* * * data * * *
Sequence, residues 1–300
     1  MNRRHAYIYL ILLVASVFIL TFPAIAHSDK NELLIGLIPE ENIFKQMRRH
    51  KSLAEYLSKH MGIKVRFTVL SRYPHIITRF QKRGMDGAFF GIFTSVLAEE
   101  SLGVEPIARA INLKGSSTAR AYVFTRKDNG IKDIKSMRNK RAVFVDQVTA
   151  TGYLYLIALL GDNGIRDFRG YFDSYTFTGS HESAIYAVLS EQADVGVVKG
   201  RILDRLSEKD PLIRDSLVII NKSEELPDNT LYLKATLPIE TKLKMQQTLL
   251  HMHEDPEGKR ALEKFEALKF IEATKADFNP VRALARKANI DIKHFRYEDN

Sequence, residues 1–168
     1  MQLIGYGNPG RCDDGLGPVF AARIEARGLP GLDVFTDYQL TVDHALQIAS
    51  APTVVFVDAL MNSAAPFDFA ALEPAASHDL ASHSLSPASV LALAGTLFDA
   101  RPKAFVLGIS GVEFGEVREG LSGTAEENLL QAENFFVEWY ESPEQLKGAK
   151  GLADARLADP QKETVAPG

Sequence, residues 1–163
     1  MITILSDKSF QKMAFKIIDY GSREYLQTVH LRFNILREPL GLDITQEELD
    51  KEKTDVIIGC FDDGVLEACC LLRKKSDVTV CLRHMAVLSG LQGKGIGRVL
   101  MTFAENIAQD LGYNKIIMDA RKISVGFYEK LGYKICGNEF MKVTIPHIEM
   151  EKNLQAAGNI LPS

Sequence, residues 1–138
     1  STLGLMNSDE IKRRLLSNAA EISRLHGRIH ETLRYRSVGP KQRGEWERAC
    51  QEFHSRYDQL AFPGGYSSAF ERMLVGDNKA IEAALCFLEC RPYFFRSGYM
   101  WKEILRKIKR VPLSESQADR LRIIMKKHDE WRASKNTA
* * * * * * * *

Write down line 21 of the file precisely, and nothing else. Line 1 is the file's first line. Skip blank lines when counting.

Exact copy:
   101  WKEILRKIKR VPLSESQADR LRIIMKKHDE WRASKNTA